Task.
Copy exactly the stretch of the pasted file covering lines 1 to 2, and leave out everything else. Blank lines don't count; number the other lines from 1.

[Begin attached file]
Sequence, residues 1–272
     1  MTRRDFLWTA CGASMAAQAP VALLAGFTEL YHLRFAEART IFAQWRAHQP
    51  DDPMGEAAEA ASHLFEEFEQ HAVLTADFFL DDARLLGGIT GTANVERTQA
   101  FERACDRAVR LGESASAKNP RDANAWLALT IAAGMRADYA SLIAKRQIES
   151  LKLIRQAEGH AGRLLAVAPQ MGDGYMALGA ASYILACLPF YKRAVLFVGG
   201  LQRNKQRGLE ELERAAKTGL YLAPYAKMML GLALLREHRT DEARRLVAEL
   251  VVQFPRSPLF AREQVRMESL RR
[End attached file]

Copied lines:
Sequence, residues 1–272
     1  MTRRDFLWTA CGASMAAQAP VALLAGFTEL YHLRFAEART IFAQWRAHQP